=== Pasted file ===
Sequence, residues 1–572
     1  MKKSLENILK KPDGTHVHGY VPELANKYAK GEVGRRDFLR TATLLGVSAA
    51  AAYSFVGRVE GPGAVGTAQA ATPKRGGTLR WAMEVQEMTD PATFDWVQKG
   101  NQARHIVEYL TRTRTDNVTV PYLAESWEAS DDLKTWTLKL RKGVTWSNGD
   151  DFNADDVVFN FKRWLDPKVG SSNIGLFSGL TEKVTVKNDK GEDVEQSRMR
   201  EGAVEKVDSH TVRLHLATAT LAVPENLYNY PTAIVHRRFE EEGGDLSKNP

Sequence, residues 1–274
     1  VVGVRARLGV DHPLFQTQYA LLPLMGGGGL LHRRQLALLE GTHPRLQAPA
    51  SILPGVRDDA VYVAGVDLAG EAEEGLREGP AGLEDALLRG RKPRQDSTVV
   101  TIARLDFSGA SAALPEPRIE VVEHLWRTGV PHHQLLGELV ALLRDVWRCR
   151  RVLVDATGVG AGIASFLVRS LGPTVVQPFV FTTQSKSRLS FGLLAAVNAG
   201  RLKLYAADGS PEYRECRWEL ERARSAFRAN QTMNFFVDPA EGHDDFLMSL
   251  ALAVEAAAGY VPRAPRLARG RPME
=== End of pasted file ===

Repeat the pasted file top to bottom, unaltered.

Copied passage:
Sequence, residues 1–572
     1  MKKSLENILK KPDGTHVHGY VPELANKYAK GEVGRRDFLR TATLLGVSAA
    51  AAYSFVGRVE GPGAVGTAQA ATPKRGGTLR WAMEVQEMTD PATFDWVQKG
   101  NQARHIVEYL TRTRTDNVTV PYLAESWEAS DDLKTWTLKL RKGVTWSNGD
   151  DFNADDVVFN FKRWLDPKVG SSNIGLFSGL TEKVTVKNDK GEDVEQSRMR
   201  EGAVEKVDSH TVRLHLATAT LAVPENLYNY PTAIVHRRFE EEGGDLSKNP

Sequence, residues 1–274
     1  VVGVRARLGV DHPLFQTQYA LLPLMGGGGL LHRRQLALLE GTHPRLQAPA
    51  SILPGVRDDA VYVAGVDLAG EAEEGLREGP AGLEDALLRG RKPRQDSTVV
   101  TIARLDFSGA SAALPEPRIE VVEHLWRTGV PHHQLLGELV ALLRDVWRCR
   151  RVLVDATGVG AGIASFLVRS LGPTVVQPFV FTTQSKSRLS FGLLAAVNAG
   201  RLKLYAADGS PEYRECRWEL ERARSAFRAN QTMNFFVDPA EGHDDFLMSL
   251  ALAVEAAAGY VPRAPRLARG RPME